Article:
Habitat Carrying Capacity – Elephant Management

Few people have NOT heard of the “endangered species concept”. Most of us, however, have no idea what it really means. And nobody can explain just how it can or should be applied in the field of science-based wildlife management. This is because it is based on a false premise and there is no logical place where it can be applied.

NB: The original definition went something like this: “An endangered animal species is one whose numbers are low and constantly declining, and the reasons for the decline cannot be halted; or the habitat of which is constantly degrading, the reasons for which cannot be reversed. In either case, the conclusion is the same – the species faces inevitable extinction.”

Now let us have a look at one species that is currently listed as endangered – The African Elephant (Loxodonta africana). It is reported to occur in 137 African countries (known as the African elephant “range states”) and to comprise over 150 separate populations.

NB: To make absolutely certain that everybody understands what I am going to be talking about, I will now define what a species is; and what a population is.

A SPECIES can be defined as: “A group of individual animals that share the same physical and behavioural characteristics (they look and act alike) and  which, when they breed, produce fertile offspring with the same physical and  behavioural characteristics”  A POPULATION is: “A group of animals of the same species the individuals of which interact with each other on a daily basis, in continuum, and which breed ONLY with other animals in the same group”.

This does not mean that individuals in a population meet all other individuals on a daily basis. The statement declares that individuals are linked “in continuum” – which is another way of saying their individual home ranges continuously overlap.

Elephants are able to live, and thrive, in a variety of habitats – savannah; grassland; woodland; lowland, montane and riverine forest; and in swamps – all of which occur between the coast and the continent’s highest mountains; and in regions of high rainfall as well as the most arid of deserts. In some areas they live in harmony and in close association with human settlements. In others they are heavily poached by their human neighbours. In places some elephants raid the local people’s crops and damage their water supplies; and they are often shot because they have become “problem animals”.

So each of Africa’s 150 elephant populations live within an environment that is uniquely its own. Each population’s habitat, and the various other environmental pressures that are exerted on it, are very different to those that pertain to every other population. THAT means they have to be managed individually. There is NO universal management solution.

If we want to understand the full implications and applications of elephant population management practices, however, we must also have a clear understanding of the term “habitat carrying capacity” – because THAT is a vital benchmark in elephant management programmes.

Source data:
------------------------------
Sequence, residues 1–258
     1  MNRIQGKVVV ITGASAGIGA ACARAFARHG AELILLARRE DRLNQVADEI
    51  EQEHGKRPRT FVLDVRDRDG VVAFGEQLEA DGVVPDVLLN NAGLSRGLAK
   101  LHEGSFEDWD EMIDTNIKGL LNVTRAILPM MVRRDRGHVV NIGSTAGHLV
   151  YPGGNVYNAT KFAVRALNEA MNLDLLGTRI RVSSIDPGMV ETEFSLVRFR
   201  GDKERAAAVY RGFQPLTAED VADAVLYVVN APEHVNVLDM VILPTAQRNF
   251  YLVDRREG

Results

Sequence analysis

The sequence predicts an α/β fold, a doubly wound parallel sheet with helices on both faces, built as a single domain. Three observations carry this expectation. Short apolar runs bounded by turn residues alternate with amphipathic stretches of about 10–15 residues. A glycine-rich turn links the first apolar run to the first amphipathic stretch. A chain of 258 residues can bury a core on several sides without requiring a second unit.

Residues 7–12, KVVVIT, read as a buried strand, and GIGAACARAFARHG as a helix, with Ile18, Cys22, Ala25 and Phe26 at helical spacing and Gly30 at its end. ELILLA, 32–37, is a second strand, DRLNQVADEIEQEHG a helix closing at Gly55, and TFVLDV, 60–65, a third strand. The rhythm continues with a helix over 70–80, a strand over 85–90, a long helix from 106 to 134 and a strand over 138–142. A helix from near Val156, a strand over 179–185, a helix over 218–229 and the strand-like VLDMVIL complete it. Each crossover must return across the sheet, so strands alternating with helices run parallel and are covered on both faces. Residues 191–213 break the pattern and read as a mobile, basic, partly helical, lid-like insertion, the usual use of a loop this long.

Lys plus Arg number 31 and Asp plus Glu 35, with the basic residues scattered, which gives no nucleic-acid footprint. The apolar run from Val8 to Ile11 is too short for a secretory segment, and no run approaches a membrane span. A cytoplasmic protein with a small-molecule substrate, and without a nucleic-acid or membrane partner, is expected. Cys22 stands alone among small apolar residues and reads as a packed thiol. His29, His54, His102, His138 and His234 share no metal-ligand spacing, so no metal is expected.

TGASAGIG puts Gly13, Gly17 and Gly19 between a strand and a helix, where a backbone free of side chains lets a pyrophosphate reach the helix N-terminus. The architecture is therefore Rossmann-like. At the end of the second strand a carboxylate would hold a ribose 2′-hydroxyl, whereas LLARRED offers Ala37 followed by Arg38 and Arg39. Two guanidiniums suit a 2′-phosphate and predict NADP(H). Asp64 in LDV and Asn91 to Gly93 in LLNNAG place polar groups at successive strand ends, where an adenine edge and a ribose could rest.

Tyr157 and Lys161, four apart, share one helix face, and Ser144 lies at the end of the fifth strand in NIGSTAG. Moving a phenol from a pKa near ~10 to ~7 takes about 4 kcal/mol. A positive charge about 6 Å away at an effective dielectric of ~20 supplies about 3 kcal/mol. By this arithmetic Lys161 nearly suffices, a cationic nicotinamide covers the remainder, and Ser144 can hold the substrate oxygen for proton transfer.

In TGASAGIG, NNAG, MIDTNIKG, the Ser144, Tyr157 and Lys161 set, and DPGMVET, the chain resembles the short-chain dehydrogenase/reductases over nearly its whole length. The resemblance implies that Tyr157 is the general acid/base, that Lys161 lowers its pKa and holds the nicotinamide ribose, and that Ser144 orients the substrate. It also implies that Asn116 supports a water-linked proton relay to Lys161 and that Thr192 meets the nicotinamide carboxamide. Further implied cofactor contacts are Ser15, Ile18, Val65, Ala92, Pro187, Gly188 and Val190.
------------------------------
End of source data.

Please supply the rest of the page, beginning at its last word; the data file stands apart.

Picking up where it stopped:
NB: In the simplest of terms, “habitat carrying capacity” quantifies the maximum number of elephants that a habitat can sustainably support without the vegetation suffering permanent and progressive damage.

If we want to maintain an elephant population in a national park for posterity – that is forever – it is imperative that the park’s habitats be maintained in a dynamically stable and healthy condition.

The wildlife manager, therefore, must not allow elephants to proliferate without constraint because, ultimately, that will lead to the population exceeding the sustainable habitat carrying capacity level. Such habitats are then continuously over utilised – by too many elephants – so they progressively degrade. This state of affairs is currently the norm in most southern African national parks.

If such situations are allowed to continue, the end result will be that the elephant sanctuaries will become deserts. In other words, the elephants will eventually destroy their own habitat and cause their own extinction – without a single poacher’s bullet being fired. And remember, they share their habitats with every other animal species in the game reserve. And every other animal species in the game reserve will suffer the same fate. They too, will disappear.

Leaving elephants to their “own devices” in a game reserve, therefore, will destroy everything!

So to those of you who believe that nature should be left to her own devices in a national park, I say: “Think again”. Elephants – being the largest mammals on planet earth – are also the most destructive. They and their habitats need to be managed!

Ron Thomson

RON THOMSON His passion, today, is concerned with creating a better informed society – better informed, that is, about “best practice” wildlife management and the wise and sustainable utilization of our wild living resources for the benefit of mankind. He has a strong and passionate commitment to exposing the menace and iniquities of the animal rights doctrine. He is a founding member of the True Green Alliance (TGA) and, for the duration of 2016, he was its President. In January 2017 he was appointed CEO. The TGA is affiliated to South Africa’s wildlife Industry insofar as it has undertaken to fight the industry’s battles to overcome pernicious opposition from the South African and international animal rights movement.

Ron Thomson has 150 posts and counting. See all posts by Ron Thomson

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